GET RID OF NON-ESSENTIALS. Give up the little things such as cable TV, eating out, and gym membership and landline. That’s a start, you’ll know instinctively how to add to this list.

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This is a Book Reivew by Jeff Tompkins, Jr.  The opinions expressed herein are the reviewer’s own and meant only for informational purposes.

The Automatic Millionaire by David Bach

Reviewer: Jeff Tompkins, Jr.

Let’s face it, unless you’re a Marine, you’re probably not that crazy about the word “discipline.” It smacks of rules and constraints. Most of us just aren’t that keen to always do even those things that we know are good for us. Particularly in our financial lives. We know we should save more, spend less, invest smarter. We should be disciplined in these areas to achieve financial security.  So how do we get disciplined? According to the The Automatic Millionaire, by David Bach, we automate .

Bach focuses first on the idea of paying ourselves first. By this he doesn’t mean setting aside a couple of twenty dollar bills under your mattress each payday.  That would require discipline and the central theme of The Automatic Millionaire is that no one is disciplined enough to regularly save that way. Instead, Mr. Bach argues that the only way to get around our lack of discipline is to automate paying ourselves first, effectively taking our lack of discipline out of the equation.

Automating ones savings is becoming more and more prevalent in a tech-dominated world. It’s automatic, because once you set it up you don’t have to do a thing each month for it to continue putting funds into your 401k account or other savings vehicle. It’s the first money out so before you do any spending at all, you are saving. Read more

For more years than I like to admit, I’ve been collecting and disseminating timesaving and money-saving tips. Readers e-mail them to me, hand them to me on little scraps of paper and even send them in the mail. Some are hilarious, others downright weird. And the very best ones show up in this column.

I will admit that not all of my favorite tips could single-handedly turn a person’s financial situation from red to black. Or free up hours every day. Take the tip for sharpening scissors, which is right now in my personal top 10: Tear off a length of aluminum foil. Fold it in half three or four times to create multiple layers. Now cut several times through all those layers with your dull scissors. They’ll be sharp as a razor in no time at all.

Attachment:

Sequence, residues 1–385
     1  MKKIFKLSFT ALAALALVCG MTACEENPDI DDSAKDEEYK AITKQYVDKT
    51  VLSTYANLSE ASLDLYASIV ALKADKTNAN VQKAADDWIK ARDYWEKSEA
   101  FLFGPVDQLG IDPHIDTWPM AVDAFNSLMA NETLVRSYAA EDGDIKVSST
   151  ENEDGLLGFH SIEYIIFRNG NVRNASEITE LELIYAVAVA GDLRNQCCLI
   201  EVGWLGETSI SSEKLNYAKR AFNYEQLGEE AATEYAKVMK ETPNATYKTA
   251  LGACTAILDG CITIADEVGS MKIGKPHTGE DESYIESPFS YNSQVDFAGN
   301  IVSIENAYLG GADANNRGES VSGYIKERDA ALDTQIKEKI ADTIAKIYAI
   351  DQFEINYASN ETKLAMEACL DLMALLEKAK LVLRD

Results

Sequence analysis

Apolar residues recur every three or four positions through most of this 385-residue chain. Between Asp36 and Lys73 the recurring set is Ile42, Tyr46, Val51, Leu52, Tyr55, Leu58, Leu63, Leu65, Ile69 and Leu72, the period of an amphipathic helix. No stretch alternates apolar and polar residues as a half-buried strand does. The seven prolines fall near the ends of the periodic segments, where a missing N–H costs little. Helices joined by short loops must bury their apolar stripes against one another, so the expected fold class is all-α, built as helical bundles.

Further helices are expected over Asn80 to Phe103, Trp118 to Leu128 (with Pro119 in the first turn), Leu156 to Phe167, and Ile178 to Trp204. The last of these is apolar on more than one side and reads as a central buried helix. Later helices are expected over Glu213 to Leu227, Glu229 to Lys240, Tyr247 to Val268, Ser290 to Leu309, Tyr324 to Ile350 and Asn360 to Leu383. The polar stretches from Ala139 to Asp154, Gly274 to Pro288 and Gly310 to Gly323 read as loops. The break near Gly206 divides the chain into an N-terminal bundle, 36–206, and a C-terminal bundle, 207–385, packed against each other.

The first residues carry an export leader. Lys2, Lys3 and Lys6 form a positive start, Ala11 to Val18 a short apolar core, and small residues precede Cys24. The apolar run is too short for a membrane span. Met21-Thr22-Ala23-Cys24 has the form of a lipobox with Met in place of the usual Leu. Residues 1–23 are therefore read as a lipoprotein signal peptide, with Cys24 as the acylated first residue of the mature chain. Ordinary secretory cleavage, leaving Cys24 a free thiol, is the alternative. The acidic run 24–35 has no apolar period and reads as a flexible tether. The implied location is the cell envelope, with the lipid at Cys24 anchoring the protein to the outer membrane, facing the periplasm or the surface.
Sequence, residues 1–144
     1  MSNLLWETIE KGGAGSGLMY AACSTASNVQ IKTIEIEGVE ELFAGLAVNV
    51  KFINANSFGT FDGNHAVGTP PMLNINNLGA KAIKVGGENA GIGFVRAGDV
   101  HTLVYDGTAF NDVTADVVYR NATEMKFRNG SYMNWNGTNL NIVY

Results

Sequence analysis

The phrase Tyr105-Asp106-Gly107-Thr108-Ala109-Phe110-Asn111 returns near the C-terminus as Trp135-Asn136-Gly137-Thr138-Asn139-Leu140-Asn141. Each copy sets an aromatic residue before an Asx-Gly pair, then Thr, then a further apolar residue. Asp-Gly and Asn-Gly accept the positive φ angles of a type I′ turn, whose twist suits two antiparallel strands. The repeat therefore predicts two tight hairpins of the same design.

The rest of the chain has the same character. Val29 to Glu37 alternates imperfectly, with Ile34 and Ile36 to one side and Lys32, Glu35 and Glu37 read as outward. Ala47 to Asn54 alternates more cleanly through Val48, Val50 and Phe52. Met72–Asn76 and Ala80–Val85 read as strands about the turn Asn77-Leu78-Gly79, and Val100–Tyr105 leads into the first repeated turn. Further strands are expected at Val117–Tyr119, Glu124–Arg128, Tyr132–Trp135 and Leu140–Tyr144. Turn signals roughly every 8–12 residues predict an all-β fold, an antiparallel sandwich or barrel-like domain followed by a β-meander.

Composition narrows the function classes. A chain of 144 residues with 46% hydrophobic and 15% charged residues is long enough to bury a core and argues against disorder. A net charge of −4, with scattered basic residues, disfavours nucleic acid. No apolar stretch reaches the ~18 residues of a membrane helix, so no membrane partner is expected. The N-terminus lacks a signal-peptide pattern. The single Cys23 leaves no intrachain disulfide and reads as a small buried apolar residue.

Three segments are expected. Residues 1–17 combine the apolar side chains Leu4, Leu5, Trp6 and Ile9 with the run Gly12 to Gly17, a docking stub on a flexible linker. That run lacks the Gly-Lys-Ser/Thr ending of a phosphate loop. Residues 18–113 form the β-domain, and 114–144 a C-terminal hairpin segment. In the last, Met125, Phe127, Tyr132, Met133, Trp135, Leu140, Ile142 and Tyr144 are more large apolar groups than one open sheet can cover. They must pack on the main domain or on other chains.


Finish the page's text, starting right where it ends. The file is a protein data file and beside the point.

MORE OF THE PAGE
My common sense told me such a tactic would make slightly dull scissors totally worthless. But I was wrong. This tip really works, and it works so well I offered up my good dressmaker’s shears to its power. Read more

It was an honor to be invited to spend a few days on the campus of Indiana Wesleyan University to speak to the students on money matters—specifically the student loans many students will take with them as part of their college experience.

Remember the days when to get a loan you had to qualify and prove you had the capacity to repay the debt? Well, for college students those days are history. They do not need to have a job or a co-signer to get huge amounts of money both in federal student loans. From what I discovered on my visit, students (and their parents in many cases) are more than willing to accept as much as they can get in federal student loans because these days that’s just the normal way to pay for college.

But here’s the good news. These young adults are willing to listen to advice from someone who’s been around the block with debt. Seizing the moment, I told them:

Accept the least amount of help possible not the most available. Just because you can borrow enough money each semester to pay for tuition, room, board and books doesn’t mean you should. You’ll never believe how difficult it is to pay back. Check yourself out of governmental outpatient care. Get a job. And in the summer get two jobs or three. Finish your degree as soon as possible instead of taking it slow and easy. Make your own way as soon as possible and you’ll reap the benefits for the rest of your life. Read more

You need more money. You need it now. So what are your choices? You have two: You can increase your income or you can reduce your spending.

INCREASE INCOME

Get a bigger paycheck. Ask for a raise, land a new job that pays a lot more than your current job or get a second (or third) job to supplement your current income.

Win a lottery. Do keep in mind when considering this option that your chances of being struck by lightning are much better than winning a lottery.

Sell assets. Finding a cash buyer for your grandmother’s sterling silver, the boat or other asset you own is another option for increasing your income. Read more